Tuesday, 8 April 2008

Soyonara.

“Kawasaki”, said my son, nodding his head awkwardly.
“Konichiwa you idiot” said his 12 year old sister in a loud stage whisper.
“You look different to me”, added the six year old, peering at my four Japanese house guests suspiciously. “Your eyes are s...”
“So beautiful”, I added quickly, ushering them into my house. I couldn’t believe it, my guests had only just crossed my threshold and already I had a Prince Phillip situation on my hands.
I looked at Hubby and he shrugged his shoulders, which suggested, ‘this is going to be harder than we thought and I’m lucky that I’m out of it’.
True to form, no sooner had I answered a plea to host Japanese visitors on a week’s trip to Cornwall, than Hubby informed me he that it clashed with his ‘university week’ and apart from welcoming them to his house, Hubby would be absent.
Well, to all those people who run a B&B and evening meal service, I salute you. I am absolutely cream crackered. I hadn’t realised that cooking for a few more people and, more pertinently, being consistently polite would be such a strain on my more defeated, persona. Whereas I normally crash and burn once the youngest children are in bed, feet up on the sofa, large glass of wine in hand, I have found myself instead preparing dinner for the following night and laying the table for breakfast.
It’s cost me a fortune. How could I possibly say when we went out for lunch, “This is where we go Dutch”? I have also fed them well. It seemed welcoming to provide tea and stickies when they returned from their days out laden with gifts for me. Consequently I consulted Nigella’s bloody tome of domesticity and thought, I know, I’ll make some brownies, everybody loves those. It wasn’t until I had cracked the six eggs and added a whole tablespoon full of vanilla extract that I realised I needed four bars of ultra expensive 70% solid dark chocolate. At a pound a bar, these brownies were singularly the most expensive thing I’d ever cooked. And then, so scared to overcook them as Nigella ominously warns is so simple to do, I bloody well undercooked them and had about six quid’s worth of chocolate goo wallowing on a sheet of baking paper.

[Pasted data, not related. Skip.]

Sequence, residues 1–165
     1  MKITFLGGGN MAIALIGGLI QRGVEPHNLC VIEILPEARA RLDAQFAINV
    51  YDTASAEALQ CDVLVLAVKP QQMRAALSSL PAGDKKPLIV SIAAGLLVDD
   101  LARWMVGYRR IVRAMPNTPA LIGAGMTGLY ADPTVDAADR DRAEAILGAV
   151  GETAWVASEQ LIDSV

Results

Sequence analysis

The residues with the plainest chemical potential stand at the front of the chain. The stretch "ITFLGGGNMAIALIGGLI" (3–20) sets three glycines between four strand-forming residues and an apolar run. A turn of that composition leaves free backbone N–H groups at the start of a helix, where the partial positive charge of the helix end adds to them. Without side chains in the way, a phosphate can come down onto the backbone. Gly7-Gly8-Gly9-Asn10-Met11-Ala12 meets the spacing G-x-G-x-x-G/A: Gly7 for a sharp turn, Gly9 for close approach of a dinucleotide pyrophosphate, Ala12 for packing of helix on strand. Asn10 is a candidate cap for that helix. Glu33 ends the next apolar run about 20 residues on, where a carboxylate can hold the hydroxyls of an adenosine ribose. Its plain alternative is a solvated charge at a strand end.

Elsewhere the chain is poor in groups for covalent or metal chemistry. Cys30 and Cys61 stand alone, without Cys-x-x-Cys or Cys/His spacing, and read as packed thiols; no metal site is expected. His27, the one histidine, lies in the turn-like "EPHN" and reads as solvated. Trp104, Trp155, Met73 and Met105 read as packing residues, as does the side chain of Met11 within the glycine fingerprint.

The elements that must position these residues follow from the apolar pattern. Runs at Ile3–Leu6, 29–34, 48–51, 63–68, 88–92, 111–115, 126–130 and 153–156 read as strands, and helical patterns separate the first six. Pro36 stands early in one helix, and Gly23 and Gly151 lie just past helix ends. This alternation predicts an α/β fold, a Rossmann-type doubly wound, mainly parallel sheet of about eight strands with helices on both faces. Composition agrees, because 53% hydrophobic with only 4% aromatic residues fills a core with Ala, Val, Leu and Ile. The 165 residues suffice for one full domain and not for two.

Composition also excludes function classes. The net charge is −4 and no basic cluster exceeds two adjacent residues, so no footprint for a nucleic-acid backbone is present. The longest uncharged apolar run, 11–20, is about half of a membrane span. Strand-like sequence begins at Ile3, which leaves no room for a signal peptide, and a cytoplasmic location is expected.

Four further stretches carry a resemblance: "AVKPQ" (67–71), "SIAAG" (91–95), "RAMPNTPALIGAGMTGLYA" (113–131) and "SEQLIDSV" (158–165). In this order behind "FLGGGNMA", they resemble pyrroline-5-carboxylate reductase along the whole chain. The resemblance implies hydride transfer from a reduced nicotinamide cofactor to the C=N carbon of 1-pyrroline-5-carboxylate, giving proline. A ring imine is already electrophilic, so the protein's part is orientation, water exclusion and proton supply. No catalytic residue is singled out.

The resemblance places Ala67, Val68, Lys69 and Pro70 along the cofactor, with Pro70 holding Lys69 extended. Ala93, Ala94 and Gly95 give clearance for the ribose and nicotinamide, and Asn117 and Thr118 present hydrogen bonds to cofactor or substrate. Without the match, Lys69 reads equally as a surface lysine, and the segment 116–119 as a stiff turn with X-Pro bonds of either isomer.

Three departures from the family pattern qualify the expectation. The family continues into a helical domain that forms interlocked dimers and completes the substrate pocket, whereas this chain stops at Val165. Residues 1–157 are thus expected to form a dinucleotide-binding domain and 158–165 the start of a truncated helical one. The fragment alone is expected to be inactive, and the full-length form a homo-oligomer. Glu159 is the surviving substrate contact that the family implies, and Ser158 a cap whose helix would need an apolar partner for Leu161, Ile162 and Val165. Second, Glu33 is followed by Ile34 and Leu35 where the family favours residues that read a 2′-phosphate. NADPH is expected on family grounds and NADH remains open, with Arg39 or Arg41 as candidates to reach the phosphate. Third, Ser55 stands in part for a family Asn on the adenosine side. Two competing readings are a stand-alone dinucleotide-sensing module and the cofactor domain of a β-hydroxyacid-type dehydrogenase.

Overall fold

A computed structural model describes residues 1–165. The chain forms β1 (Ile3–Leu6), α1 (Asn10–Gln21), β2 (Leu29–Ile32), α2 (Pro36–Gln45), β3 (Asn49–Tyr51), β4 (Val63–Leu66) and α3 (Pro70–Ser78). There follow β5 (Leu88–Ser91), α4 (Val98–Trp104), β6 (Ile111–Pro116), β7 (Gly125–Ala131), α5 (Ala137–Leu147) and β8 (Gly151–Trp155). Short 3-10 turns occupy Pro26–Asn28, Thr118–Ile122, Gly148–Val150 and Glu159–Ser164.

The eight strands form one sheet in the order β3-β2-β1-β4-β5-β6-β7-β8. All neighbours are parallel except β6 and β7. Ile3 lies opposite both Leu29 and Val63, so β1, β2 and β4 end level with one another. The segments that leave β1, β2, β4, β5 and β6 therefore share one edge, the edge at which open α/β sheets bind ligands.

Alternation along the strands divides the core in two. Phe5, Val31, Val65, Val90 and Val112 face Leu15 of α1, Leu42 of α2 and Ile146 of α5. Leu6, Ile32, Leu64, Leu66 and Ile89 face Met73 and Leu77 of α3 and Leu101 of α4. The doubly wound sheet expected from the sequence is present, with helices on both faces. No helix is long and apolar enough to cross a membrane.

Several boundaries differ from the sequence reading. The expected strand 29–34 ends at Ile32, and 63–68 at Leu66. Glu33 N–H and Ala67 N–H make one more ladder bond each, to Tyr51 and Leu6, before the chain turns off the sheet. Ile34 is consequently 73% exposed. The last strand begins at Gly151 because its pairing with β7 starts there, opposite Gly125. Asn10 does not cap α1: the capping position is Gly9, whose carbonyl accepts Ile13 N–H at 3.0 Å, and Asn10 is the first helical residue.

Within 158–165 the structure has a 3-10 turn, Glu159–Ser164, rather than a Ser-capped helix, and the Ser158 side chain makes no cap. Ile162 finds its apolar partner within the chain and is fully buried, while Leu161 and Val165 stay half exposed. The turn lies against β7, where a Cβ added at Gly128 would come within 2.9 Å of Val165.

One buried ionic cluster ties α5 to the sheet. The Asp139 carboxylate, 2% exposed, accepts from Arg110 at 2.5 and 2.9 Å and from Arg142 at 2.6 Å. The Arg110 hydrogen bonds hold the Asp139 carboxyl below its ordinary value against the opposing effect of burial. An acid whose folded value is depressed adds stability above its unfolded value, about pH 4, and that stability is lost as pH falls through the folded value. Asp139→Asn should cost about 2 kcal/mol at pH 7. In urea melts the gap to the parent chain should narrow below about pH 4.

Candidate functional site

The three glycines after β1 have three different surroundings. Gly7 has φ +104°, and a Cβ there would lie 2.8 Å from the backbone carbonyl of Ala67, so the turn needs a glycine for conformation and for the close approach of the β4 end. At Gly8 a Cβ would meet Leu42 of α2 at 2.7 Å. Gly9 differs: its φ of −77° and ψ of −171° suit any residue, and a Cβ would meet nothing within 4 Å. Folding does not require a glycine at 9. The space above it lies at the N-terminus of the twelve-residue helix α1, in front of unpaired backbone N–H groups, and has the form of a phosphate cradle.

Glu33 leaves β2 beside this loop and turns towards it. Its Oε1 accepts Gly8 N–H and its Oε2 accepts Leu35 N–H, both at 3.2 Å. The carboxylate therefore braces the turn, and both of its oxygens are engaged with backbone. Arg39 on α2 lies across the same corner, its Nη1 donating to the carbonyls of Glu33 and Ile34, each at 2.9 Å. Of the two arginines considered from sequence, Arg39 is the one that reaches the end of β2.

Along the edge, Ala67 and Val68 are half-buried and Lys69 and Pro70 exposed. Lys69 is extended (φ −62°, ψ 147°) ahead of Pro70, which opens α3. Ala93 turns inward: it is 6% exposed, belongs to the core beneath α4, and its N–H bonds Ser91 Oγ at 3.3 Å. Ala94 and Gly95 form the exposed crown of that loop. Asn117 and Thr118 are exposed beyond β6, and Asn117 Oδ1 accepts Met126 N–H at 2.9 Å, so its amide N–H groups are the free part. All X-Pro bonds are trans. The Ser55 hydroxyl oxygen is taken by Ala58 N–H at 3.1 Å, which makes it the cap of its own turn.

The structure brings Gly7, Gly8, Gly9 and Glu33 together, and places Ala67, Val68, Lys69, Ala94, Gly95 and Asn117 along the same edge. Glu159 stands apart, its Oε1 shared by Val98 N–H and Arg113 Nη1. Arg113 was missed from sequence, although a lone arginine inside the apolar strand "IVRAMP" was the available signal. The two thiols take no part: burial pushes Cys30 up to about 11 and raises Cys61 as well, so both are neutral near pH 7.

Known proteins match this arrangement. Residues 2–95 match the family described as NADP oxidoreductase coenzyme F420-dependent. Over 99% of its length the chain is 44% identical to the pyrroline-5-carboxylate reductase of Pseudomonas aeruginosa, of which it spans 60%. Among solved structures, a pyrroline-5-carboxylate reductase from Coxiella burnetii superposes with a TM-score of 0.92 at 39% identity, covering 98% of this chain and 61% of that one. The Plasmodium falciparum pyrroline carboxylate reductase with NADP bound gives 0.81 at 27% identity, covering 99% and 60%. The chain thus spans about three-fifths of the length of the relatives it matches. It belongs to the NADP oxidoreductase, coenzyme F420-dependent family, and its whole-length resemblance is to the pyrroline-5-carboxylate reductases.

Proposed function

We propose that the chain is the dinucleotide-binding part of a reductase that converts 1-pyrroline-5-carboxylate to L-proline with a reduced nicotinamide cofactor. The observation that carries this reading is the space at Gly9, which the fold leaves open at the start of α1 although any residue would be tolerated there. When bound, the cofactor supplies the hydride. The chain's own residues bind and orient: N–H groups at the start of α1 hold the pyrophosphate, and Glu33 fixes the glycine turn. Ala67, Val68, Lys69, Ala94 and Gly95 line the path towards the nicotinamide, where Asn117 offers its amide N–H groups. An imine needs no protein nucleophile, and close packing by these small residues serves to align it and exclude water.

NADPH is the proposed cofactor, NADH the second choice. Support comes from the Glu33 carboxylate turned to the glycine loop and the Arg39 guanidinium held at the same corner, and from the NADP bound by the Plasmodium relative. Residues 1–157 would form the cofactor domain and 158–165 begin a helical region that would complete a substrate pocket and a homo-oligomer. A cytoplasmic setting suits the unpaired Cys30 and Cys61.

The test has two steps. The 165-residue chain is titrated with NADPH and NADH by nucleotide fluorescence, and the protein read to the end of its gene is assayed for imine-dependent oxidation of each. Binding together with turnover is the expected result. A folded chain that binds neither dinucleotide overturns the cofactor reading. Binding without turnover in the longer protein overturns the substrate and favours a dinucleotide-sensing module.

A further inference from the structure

All was not lost however and after a little thought, I cut away the cooked brownie, reheated the goo and served it like some sort of fudge with ice-cream and fresh raspberries. It went down a storm.
It shouldn’t be surprising how much more washing up is generated by adding another four people to an already large family, but by Jove, every day has been like preparing a Christmas dinner. So many plates, glasses, mugs, side plates, cereal bowls, cutlery, saucepans, utensils and baking trays are used for every meal not to mention my Cif kitchen spray. My Marigolds torn, my hands are like those of a scullery maid.
Of course when I haven’t been in the kitchen, I am conversing. It has been great fun to try and understand and be understood. The two ten year old Japanese boys have been too shy to attempt their conversational English and the mother of one of the boys’ English is limited, so it has been down to the sterling effort of the father of the other boy and me to make illuminating and interesting chat. We have been lucky to have laughed many times because we understand the other’s effort in putting across a point and only once have I wished the floor to swallow me up. The mother and the two boys had retired; my children were all in bed, leaving me and Mr Akito to enjoy a tête-à-tête. They had been to Plymouth that day.
“What did you think of it?”, I asked.
“Mm”, he searched for the right words, “It is very modern”.
“Well, you see it was flattened during World War Two”. Bugger. Change the subject immediately.
“And Japan? You have many old building?”, I enquired.
“Some. Others also obliterated”. Oh Jesus, Mary, Holy Saint Joseph and all the saints as my Irish friend would say in times of crisis.